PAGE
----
• Product and Services: Describe your offerings in detail.
  • Market Analysis: Assess market trends such as variations in demand and prospects for growth, and do a SWOT analysis.
  • Competitive Analysis: Analyze main competitors, assessing their strengths and weaknesses, and create a list of the advantages of your services.
  • Sales and Marketing: Examine your companies’ unique selling propositions (USPs) and develop sales, marketing, and promotional strategies.
  • Management Team: Overview of management team, detailing their roles and professional background, along with a corporate hierarchy.
  • Operations Plan: Your company’s operational plan includes procurement, office location, key assets and equipment, and other logistical details.
  • Financial Plan: Three years of financial planning, including startup costs, break-even analysis, profit and loss estimates, cash flow, and balance sheet.
  • Appendix: Include any additional financial or business-related documents.

If you’ve never created a business plan yourself before, it can be an intimidating task. Consider hiring an experienced business plan writer on Fiverr to create a professional business plan for you.

Step 5: Register Your Business

Registering your business is an absolutely crucial step — it’s the prerequisite to paying taxes, raising capital, opening a bank account, and other guideposts on the road to getting a business up and running.

Plus, registration is exciting because it makes the entire process official. Once it’s complete, you’ll have your own business! 

Choose where to register your company

Your business location is important because it can affect taxes, legal requirements, and revenue. Most people will register their business in the state where they live, but if you’re planning to expand, you might consider looking elsewhere, as some states could offer real advantages when it comes to concrete businesses.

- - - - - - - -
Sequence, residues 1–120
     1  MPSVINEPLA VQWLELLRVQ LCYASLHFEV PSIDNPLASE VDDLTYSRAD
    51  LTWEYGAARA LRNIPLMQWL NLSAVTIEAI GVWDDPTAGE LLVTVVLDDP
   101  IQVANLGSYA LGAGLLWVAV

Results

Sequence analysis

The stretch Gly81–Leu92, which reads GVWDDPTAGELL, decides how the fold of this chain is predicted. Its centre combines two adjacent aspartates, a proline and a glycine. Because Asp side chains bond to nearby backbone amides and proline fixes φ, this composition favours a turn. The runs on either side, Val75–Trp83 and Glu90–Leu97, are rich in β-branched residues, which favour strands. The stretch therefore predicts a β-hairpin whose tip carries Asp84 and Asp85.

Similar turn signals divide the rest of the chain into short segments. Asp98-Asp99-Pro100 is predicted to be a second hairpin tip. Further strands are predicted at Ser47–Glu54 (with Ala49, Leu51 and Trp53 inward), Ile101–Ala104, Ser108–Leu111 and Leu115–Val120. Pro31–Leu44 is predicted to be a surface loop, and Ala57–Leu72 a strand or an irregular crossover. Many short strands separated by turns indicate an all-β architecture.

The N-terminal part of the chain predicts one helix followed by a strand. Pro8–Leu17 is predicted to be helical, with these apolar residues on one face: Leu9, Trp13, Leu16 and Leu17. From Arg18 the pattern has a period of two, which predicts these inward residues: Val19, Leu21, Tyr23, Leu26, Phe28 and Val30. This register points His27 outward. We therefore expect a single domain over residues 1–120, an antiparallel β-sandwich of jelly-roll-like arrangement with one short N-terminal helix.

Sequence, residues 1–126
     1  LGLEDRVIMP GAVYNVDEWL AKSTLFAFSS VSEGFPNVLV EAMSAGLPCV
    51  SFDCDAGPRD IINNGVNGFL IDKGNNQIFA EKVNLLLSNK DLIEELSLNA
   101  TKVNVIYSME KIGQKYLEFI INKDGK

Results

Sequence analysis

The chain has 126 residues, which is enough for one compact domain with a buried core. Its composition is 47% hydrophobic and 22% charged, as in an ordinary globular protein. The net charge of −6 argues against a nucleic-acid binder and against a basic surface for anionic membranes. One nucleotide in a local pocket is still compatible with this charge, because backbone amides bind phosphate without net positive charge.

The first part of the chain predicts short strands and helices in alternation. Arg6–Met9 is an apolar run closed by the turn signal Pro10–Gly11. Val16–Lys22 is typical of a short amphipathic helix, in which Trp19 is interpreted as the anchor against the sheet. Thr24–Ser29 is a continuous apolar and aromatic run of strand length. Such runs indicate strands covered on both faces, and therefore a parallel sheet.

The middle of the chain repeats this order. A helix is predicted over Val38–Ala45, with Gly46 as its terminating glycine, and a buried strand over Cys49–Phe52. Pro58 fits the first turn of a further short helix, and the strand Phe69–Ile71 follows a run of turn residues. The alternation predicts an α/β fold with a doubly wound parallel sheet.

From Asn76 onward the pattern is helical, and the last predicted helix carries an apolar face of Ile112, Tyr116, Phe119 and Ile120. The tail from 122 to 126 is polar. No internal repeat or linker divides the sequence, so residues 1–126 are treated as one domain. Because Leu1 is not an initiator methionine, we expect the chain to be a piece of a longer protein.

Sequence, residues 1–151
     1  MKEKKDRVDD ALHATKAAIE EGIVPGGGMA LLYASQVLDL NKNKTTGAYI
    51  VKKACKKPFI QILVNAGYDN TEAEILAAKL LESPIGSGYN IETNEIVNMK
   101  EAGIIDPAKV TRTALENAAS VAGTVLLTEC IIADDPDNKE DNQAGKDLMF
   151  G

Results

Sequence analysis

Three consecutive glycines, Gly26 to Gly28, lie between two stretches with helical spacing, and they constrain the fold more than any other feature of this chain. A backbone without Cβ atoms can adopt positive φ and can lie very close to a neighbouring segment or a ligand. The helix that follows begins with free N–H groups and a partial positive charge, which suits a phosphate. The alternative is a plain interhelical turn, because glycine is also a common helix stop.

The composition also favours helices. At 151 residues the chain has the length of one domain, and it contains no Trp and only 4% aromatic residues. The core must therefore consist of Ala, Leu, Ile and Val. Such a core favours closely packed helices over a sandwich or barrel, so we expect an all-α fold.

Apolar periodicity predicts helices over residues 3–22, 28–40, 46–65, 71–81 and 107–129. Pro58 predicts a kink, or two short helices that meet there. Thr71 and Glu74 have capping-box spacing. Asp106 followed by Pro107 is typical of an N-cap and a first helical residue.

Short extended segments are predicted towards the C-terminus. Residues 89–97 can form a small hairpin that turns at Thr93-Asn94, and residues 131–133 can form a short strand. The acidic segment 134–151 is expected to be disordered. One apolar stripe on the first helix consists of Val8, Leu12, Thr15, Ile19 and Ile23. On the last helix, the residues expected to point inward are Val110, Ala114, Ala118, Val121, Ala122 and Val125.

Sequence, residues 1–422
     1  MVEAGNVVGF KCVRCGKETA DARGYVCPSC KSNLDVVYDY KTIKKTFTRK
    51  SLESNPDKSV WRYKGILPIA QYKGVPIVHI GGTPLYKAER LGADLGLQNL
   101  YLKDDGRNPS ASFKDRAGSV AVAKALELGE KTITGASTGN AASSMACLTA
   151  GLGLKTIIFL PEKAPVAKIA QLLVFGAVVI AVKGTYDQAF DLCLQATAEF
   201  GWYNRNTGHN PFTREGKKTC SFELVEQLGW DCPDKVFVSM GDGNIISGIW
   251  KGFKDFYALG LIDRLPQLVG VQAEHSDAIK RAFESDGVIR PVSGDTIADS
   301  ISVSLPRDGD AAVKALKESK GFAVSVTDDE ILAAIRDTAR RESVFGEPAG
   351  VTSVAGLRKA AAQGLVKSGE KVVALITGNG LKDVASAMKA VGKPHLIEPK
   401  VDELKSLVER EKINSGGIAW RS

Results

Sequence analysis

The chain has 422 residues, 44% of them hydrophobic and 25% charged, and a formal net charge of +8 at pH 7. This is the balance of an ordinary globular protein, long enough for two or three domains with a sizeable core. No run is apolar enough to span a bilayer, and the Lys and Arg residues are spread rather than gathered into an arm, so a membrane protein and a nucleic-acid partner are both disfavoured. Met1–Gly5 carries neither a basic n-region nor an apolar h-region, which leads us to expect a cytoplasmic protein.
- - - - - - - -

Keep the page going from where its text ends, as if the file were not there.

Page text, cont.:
If you’re willing to move, you could really maximize your business! Keep in mind, it’s relatively easy to transfer your business to another state. 

Choose your business structure

Business entities come in several varieties, each with its pros and cons. The legal structure you choose for your concrete business will shape your taxes, personal liability, and business registration requirements, so choose wisely. 

Here are the main options:

  • Sole Proprietorship – The most common structure for small businesses makes no legal distinction between company and owner. All income goes to the owner, who’s also liable for any debts, losses, or liabilities incurred by the business. The owner pays taxes on business income on his or her personal tax return.
  • General Partnership – Similar to a sole proprietorship, but for two or more people. Again, owners keep the profits and are liable for losses. The partners pay taxes on their share of business income on their personal tax returns.